In Republic Underwriters Insurance Company v. Moore, No. 11-5075, 2012 WL 2948177 (10th Cir., July 20, 2012), the Tenth Circuit Court of Appeals, applying Oklahoma law, held that a restaurant’s general liability insurers were entitled to summary judgment that several hundred E. coli claims against the policyholder arose out of a single occurrence because all of the injuries were caused by one restaurant’s ongoing preparation of contaminated food. In so holding, the Tenth Circuit reversed a lower court order holding that the claims arose out of two separate “occurrences” because the contaminated food was served at two different locations.
This case arose from the largest E. coli outbreak in the United States, which infected several hundred people. Id. at 1. The contaminated food was prepared and served at the policyholder’s restaurant, and also at a church event catered by the restaurant. Id. The insurers moved for summary judgment, arguing that all of the underlying claims arose out of one occurrence and that, therefore, only one per occurrence limit was available to the policyholder, with the total available per occurrence limits being $3 million. Id. at 2. The underlying claimants argued in the district court that there were at least eight occurrences, which meant that the insurers’ coverage was limited only by the policies’ aggregate limits, which totaled $6 million. Rejecting both arguments, the district court concluded that the outbreak constituted two separate occurrences because the contaminated food was prepared and served in two separate locations. Id. at 4.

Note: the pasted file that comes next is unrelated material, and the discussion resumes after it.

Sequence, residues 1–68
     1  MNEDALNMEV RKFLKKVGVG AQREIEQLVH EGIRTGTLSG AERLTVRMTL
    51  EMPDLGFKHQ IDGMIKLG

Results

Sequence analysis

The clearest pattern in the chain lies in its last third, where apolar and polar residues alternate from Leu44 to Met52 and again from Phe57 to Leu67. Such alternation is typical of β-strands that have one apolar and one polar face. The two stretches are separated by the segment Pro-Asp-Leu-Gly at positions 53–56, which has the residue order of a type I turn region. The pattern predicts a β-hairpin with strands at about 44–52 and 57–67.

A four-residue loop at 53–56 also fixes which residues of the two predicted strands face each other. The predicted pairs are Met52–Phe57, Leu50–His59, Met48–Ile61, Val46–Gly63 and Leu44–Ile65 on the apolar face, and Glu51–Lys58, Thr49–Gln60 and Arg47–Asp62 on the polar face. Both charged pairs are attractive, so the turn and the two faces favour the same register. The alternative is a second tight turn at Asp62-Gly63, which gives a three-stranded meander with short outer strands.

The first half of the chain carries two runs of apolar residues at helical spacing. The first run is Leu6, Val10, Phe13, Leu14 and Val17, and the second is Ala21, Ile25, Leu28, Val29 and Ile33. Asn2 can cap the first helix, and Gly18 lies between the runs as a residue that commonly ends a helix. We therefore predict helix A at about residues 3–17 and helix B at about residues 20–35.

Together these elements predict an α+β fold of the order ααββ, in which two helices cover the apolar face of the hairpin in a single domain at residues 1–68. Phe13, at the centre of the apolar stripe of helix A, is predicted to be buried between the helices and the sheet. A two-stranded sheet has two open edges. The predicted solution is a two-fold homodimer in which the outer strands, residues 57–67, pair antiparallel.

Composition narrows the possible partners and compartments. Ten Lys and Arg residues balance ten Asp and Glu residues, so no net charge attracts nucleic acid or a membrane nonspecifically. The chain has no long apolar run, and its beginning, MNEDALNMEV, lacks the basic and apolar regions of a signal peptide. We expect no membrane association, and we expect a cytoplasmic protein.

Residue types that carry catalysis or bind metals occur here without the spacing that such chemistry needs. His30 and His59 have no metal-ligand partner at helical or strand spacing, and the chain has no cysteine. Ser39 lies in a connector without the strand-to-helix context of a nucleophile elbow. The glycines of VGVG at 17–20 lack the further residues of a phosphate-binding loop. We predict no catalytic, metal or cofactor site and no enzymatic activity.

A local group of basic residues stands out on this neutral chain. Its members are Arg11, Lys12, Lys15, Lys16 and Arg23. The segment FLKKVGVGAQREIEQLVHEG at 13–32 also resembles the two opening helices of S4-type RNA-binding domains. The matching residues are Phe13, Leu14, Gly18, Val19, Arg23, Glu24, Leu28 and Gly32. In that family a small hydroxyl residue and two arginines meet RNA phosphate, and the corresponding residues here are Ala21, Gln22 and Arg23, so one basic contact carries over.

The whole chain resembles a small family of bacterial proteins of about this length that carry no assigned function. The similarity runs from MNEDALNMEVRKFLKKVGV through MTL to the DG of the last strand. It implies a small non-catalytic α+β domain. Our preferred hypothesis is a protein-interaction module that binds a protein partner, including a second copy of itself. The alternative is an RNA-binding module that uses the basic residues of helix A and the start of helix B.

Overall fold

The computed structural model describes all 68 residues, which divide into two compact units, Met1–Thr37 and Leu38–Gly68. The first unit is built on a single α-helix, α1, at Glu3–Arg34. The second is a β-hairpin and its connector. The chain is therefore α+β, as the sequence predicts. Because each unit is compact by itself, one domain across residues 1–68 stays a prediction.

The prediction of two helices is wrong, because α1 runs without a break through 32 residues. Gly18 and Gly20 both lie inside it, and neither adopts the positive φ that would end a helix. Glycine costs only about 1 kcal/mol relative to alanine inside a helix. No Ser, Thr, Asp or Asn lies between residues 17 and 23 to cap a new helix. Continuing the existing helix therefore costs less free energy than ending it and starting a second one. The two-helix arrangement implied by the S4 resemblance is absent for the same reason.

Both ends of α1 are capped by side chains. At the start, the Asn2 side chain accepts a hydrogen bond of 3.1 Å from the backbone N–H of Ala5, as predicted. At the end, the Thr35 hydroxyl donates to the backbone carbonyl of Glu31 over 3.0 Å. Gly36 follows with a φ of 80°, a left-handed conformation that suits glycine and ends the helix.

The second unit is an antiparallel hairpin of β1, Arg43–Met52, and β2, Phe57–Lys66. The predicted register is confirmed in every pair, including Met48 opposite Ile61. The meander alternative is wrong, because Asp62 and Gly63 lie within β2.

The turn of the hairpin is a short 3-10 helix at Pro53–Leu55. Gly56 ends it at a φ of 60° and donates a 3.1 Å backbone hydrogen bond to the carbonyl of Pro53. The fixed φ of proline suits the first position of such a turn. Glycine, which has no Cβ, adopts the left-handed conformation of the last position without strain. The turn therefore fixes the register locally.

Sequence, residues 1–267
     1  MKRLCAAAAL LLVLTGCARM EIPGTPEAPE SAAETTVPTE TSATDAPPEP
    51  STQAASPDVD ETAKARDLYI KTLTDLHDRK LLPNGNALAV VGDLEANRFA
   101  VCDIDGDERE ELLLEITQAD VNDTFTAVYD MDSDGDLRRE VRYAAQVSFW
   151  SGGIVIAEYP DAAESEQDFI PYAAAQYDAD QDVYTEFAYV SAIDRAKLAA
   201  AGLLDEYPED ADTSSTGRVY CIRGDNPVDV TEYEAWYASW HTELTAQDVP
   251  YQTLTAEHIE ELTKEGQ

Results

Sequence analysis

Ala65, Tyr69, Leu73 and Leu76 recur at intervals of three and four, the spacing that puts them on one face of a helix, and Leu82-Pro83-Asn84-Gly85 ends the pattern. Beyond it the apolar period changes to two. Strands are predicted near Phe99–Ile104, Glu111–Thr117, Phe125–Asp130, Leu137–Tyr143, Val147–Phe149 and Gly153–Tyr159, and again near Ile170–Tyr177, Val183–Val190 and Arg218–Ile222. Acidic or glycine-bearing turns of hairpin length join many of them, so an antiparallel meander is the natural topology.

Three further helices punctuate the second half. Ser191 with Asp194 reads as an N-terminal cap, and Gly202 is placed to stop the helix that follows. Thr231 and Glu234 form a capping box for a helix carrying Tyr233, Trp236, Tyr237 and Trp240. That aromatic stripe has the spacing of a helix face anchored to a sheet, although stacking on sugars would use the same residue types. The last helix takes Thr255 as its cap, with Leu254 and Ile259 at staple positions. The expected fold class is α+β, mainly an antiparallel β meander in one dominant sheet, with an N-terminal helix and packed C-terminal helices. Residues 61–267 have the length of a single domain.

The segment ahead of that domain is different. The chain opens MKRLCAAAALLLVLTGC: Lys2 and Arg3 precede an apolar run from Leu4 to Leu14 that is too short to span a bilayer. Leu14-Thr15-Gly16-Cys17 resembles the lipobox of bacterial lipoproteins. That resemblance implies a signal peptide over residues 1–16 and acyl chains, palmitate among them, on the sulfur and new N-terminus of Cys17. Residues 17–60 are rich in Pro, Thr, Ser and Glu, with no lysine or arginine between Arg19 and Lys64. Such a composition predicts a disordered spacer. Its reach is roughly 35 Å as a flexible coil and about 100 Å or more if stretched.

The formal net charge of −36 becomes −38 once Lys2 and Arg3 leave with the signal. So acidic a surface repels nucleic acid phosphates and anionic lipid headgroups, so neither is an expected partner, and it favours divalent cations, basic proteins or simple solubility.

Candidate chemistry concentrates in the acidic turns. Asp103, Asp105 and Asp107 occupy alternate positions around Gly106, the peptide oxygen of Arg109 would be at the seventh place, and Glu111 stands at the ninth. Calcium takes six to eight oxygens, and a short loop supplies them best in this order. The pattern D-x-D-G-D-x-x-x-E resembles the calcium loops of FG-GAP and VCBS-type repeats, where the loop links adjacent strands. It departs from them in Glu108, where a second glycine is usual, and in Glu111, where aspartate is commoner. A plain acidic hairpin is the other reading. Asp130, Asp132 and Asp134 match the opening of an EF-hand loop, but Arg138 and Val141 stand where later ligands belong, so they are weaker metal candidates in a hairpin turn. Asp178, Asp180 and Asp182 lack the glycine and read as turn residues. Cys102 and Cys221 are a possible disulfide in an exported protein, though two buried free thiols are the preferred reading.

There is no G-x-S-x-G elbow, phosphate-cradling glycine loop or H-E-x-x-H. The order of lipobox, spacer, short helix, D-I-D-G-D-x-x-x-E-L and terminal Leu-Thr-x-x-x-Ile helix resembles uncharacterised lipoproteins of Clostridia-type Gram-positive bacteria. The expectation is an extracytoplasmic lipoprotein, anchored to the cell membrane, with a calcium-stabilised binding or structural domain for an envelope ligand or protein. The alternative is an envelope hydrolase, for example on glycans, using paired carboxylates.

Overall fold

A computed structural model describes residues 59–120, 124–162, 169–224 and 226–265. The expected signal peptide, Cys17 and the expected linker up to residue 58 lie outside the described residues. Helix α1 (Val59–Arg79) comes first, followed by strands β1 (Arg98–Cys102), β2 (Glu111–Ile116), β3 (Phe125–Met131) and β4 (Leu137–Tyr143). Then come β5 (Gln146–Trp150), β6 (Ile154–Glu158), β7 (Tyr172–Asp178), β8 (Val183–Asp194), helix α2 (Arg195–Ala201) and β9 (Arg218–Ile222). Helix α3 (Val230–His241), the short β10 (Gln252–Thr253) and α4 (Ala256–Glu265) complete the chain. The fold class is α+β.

On appeal, however, the Tenth Circuit reversed and held that the E. coli outbreak arose out of one overarching occurrence. In reaching this conclusion, the court began with the relevant policy language, which defined an occurrence as “an accident, including continuous or repeated exposure to substantially the same general harmful conditions.” Id. at 3. The court relied on its decision in Business Interiors, Inc. v. Aetna Casualty & Surety Co., 751 F.2d 361, 363 (10th Cir. 1984), in which it applied the causation rule to similar policy language for determining the number of occurrences, and concluded that forgery of forty separate checks by one dishonest employee arose out of one continuing occurrence. Id. at 5. The court noted that the causation rule “requires that we determine whether there was but one proximate, uninterrupted, and continuing cause which resulted in all the injuries and damage.” Id. (citing Appalachian Ins. Co. v. Liberty Mut. Ins. Co., 676 F.2d 56, 61 (3d Cir.1982)). Applying this rule, the court concluded that the outbreak was a single occurrence because “all the injuries were proximately caused by the restaurant’s ongoing preparation of contaminated food.” Id. The court further explained, “It does not matter that the food was served with other food items prepared at another location because the contamination originated at the restaurant. Nor does it matter that the precise underlying cause of the contamination is unknown . . . .” Id. at 5-6.
This case may have implications for other mass-contamination or mass-outbreak cases. The global economy ensures that food and other products produced or prepared in one location can quickly make their way across the country and around the world. This vast distribution network can result in contamination stemming from a single source spreading far and wide at great speed. The court’s holding that an outbreak of significant magnitude constituted a single occurrence could serve as precedent to for applying a policy’s per occurrence limit in similar situations.